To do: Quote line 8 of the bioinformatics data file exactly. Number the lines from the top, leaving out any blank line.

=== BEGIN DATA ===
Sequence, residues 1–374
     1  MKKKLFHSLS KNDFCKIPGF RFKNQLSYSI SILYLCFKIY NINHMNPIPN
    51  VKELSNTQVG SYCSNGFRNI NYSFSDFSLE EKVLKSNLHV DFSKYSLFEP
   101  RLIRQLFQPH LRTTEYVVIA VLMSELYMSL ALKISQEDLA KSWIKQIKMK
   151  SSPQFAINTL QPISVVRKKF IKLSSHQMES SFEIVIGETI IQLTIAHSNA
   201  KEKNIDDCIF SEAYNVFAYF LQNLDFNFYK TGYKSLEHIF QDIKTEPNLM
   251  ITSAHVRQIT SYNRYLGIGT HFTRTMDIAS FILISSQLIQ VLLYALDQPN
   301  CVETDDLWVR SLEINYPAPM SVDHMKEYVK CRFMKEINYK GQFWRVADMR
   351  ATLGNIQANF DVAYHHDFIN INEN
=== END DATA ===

   301  CVETDDLWVR SLEINYPAPM SVDHMKEYVK CRFMKEINYK GQFWRVADMR